On a relatively quiet street in Flushing, Queens, an adorable yellow and red Queen Anne-style house sits surrounded by nondescript low-to-mid-rise apartment buildings. You’d think the contrast between the house and its surroundings would bring it more attention, but the Lewis Latimer House Museum exists much in the same way its namesake did: humble and underrated, yet extraordinary. Perhaps some insight into the life of Lewis Latimer, this remarkable but undervalued man, will coax you into dropping by his house sometime soon.
Lewis Latimer was one of the most gifted Black inventors of his day and his work to assist other inventors such as Alexander Graham Bell, Hiram Maxim, and Thomas Edison should alone be enough to earn him a prominent spot in history books. Latimer’s talent as a draftsman was instrumental in Bell being able to submit the patent for the telephone mere hours before his rival did. And Latimer’s mastery of electricity not only improved the newly invented lightbulb, but also helped make it a practical household feature. On top of that, he invented a forerunner to the air conditioner. But yet, Lewis Latimer isn’t a household name.
If you were to go back in time to 1858 and see Lewis Latimer at ten years old, it wouldn’t have seemed probable that he would one day become a talented inventor, let alone an underrated one. At ten, Latimer’s childhood had come to an abrupt end. His father, George Latimer, had recently deserted the family, leaving his wife Rebecca and their four children to fend for themselves. (Being that Lewis’s parents were both escaped enslaved people, historians speculate that George Latimer left his family in order to protect them, as the ruling of the 1857 Dred Scott case put George Latimer at risk of being captured and returned into slavery.) Lewis had to drop out of school to find work, and eventually he was sent to The Boston Farm School, which is not as fun as you’d think. The labor-filled days at the institution were so intolerable that Lewis and William, one of his older brothers, ran away from the school, found their mother in Boston, and begged her not send them back.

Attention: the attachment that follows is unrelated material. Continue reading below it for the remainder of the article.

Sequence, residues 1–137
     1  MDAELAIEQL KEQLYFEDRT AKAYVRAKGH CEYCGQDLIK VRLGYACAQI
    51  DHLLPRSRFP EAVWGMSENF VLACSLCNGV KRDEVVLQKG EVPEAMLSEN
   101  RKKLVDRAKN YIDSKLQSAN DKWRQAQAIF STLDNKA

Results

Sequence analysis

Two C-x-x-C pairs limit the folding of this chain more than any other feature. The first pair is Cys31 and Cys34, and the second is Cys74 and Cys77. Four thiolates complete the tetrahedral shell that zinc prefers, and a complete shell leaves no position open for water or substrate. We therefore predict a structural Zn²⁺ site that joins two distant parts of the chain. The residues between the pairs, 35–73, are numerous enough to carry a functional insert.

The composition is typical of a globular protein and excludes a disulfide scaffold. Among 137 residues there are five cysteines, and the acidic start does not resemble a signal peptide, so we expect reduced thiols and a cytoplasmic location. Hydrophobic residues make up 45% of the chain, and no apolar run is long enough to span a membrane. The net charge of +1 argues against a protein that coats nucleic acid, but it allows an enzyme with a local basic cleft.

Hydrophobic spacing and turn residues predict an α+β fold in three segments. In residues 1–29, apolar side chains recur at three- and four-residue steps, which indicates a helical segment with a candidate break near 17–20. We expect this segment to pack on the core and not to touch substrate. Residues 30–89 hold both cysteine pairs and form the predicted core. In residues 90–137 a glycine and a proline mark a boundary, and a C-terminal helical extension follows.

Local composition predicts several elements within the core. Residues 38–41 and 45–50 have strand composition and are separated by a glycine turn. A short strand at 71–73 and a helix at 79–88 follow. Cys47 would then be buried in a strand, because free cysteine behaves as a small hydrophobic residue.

After a stint as a landsman in the Navy during the Civil War (let’s gloss over the fact that he enlisted in the Navy at 15 years old), the now 17-year-old Latimer got a job as an office boy at the patent office of Crosby, Halsted, and Gould in Boston. Fascinated by the work of the draftsmen who drew the patents, Latimer taught himself mechanical drawing and persuaded the company to hire him as a draftsman. Not only was Latimer the company’s first Black draftsman, he eventually became its chief draftsman.
He went on wowing white people and breaking barriers at his next jobs as an engineer and supervisor for Hiram Maxim and a patent litigation expert for Thomas Edison at the Edison Electric Light Company. But that didn’t mean he didn’t also encounter plenty of prejudice. Ask a tour guide at the Lewis Latimer House Museum to tell you about how Latimer was treated on a business trip to London in 1882 and check out the excerpt from his journal where he talks (in third person, oddly enough) about how his colleagues would underestimate his ability to do the same work they could, forcing him to prove that his abilities far exceeded theirs.
You would think these experiences would make Latimer into a more outspoken activist, but I guess he wasn’t the type of person to seek much attention. However, he was friends with some of America’s most well-known Black intellectuals and social reformers during his lifetime, including Frederick Douglass, Booker T. Washington, and W.E.B. Du Bois, so it would be a mistake to confuse Latimer’s relative silence with complicity.
Latimer may not have been a fiery orator, but he did have other talents. On top of his abilities as a scientist, Latimer was a painter, musician, and a writer, and he taught himself French, German, and Latin. When you visit the Lewis Latimer House Museum, ask to see the portraits he painted of his family members and the book of poems he wrote for his wife, Mary. What a romantic! If you don’t leave the Lewis Latimer House Museum feeling slightly inadequate because Latimer was such a Renaissance man, you’re lying. Or maybe you just have higher self-esteem than I do…. Potential feelings of inadequacy aside, it’s worth going out to Flushing to visit the humble home of a man that should have been a bigger deal both in his time and ours.
The Lewis Latimer House Museum is located at 34-41 137th Street in Flushing, Queens. At the time of this posting, it is open Fridays and Saturdays from 11am until 5pm. Admission is free, but there is a suggested donation of five dollars.
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